How Marketers Should Create Content with Diversity and Inclusion in Mind

    June 18 2020  |  Inspiration , Marketing

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    In the wake of a pandemic, protests, and work towards justice, our community has found itself rethinking its approach to social media marketing. For marketers and content creators, diversity and inclusion is no longer a best practice; it's a responsibility. 

    Not only does your audience want to see you in your content, but they also want to feel like a part of your community. Diversity and inclusion (DNI) is no longer a topic reserved for your human resources department; it's a consideration meant for everything your company or brand creates, prioritizes, and shares. It's not a box you check off a few times a year; it's an ongoing practice. And while diversity is more natural to identify in your work, inclusion takes time and thoughtfulness.

    "Diversity is being invited to the party. Inclusion is being asked to dance." –  Vernā Myers 

    Diversity considerations marketing include gender, race, religion, socioeconomic status, sexuality, age, geography, and the current state of affairs. Inclusion in marketing means acknowledging everyone's perspectives, creating a space for people to be heard, and building a community founded on respect. 

    Social media has made everything connected and global – businesses and brands can no longer operate from a single perspective or persona. Your brand voice and your target audience should evolve alongside the DNI landscape. You'll need to update and continue to refine your voice and target audiences as your business grows. 

    We encourage our readership and community of users to join us in actively and consistently making diversity and inclusion a priority on social media. Here are the top five ways you can begin a new practice of prioritizing diversity and inclusion throughout your marketing.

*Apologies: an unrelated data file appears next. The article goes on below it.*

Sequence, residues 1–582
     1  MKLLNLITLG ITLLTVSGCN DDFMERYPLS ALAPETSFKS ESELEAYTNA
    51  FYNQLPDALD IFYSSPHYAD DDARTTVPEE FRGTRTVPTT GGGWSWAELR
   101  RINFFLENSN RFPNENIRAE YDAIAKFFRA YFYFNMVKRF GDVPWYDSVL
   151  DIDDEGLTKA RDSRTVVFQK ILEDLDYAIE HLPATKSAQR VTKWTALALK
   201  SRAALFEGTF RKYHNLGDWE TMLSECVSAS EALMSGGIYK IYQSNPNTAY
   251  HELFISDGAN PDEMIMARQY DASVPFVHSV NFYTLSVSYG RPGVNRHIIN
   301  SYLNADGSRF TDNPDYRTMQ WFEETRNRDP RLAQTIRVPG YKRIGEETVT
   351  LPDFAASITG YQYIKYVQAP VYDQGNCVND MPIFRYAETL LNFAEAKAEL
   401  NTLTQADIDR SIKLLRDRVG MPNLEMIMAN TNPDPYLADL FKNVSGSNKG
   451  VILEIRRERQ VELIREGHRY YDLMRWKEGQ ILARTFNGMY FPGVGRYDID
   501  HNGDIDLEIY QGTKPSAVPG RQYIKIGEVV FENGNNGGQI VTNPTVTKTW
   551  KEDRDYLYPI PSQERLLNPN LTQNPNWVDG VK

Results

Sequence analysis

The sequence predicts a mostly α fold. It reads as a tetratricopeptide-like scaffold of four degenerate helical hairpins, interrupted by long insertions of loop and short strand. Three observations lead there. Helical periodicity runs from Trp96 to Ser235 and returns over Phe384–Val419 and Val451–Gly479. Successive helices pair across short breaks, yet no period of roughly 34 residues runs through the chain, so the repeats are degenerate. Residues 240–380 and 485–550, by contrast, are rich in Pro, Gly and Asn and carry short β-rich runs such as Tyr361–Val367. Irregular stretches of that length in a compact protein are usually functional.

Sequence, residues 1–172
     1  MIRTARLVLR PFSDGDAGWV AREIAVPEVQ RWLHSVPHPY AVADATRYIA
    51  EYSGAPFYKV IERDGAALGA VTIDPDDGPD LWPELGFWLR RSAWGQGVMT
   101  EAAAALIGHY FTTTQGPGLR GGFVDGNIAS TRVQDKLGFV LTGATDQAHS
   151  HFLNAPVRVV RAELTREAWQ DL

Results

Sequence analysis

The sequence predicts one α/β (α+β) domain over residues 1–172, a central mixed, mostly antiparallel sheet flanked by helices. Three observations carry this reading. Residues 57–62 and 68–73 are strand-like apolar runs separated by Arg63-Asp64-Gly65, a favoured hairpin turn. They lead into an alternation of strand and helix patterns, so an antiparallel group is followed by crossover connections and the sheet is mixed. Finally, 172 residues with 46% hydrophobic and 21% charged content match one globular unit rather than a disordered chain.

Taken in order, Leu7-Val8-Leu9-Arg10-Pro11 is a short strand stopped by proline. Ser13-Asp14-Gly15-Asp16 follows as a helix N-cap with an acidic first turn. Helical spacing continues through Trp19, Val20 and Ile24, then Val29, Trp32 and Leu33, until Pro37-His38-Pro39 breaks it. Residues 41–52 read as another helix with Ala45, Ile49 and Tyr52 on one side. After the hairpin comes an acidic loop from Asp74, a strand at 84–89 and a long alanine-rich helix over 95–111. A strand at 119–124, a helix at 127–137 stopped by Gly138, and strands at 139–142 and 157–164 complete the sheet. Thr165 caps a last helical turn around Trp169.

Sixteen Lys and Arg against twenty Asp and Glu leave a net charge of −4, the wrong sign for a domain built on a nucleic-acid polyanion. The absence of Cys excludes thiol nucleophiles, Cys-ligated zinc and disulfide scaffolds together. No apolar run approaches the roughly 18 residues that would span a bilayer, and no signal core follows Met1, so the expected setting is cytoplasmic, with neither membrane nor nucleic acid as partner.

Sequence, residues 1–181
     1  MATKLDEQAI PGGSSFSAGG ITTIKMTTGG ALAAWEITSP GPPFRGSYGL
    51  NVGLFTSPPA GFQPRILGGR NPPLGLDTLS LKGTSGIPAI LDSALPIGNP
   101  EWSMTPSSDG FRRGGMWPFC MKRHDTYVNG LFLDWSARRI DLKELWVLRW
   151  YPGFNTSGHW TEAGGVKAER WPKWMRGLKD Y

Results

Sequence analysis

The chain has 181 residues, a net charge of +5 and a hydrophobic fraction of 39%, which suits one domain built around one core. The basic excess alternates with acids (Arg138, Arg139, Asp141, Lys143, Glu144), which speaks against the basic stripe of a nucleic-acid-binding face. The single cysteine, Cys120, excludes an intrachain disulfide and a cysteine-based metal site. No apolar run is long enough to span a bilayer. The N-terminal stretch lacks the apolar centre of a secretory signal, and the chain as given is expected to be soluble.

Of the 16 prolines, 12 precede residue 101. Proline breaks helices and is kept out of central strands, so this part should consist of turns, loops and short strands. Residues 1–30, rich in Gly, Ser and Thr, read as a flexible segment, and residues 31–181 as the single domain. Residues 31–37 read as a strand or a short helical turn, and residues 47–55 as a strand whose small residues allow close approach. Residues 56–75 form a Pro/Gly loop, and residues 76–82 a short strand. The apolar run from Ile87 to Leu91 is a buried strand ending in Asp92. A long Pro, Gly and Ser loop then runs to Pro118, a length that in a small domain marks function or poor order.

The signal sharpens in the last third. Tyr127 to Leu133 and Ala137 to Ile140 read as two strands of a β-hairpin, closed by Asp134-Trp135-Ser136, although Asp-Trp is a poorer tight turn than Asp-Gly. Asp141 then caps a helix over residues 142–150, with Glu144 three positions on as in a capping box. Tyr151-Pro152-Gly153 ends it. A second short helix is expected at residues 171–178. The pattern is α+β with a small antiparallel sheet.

5 Ways to Prioritize Diversity and Inclusion Throughout Your Marketing

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    1. Your Words

    Consider your voice, language, idioms, and pop-cultural references in use.

    Write with a broad audience in mind. When do you use gender-neutral pronouns? Does your content make sense to someone outside of your country? While every Tweet or caption may not resonate with everyone, over time, your content should maintain the right balance between all diversity and inclusion considerations.

    2. Your Visuals

    Your audience should see themselves in your content.

    While diversity shouldn’t be forced or inauthentic, be honest and intentional with who and what you present. Beyond race and gender, your visuals should make your audience feel welcome and represented. Who are in your ads? Is the lifestyle you portray attainable? Do your videos have closed captions for those with hearing impairments? Is your text readable? Read accessibility tips.

    3. Listen With Intention

    Monitor your audience’s feedback.

    While it may feel uncomfortable at first, take the time to empathize, learn, and adapt with your audience. Your followers might be the first to point out bias or misstep in your content. Mistakes on social media are inevitable, don’t take it personally and use the moment to do better next time. Engage with comments, replies, and direct messages with an open mind to the diversity of experiences and perspectives.

    4. Keep Learning

    Do the long-term work.

    Like the social media platforms themselves, the diversity and inclusion landscape requires learning, unlearning, and learning some more. Follow journalists, authors, creators, and BIPOC leaders to keep a pulse on the news and conversations happening in the inclusion space. Oftentimes, it won’t be your place to tell the story. Resign your platform or hire the right people to share their experiences and stories. 

    5. Amplify Responsibly

    Do your research.

    Take a few moments to understand the origin of a story, cause, or hashtag before sharing and participating. Conduct image searches to locate original sources and creators to give credit where it’s due. Social media is often where the news happens or is first discovered, making it more important than ever to check sources to avoid sharing misinformation.

    Related readings: Resources to Support Protests and Communities Against Police Violence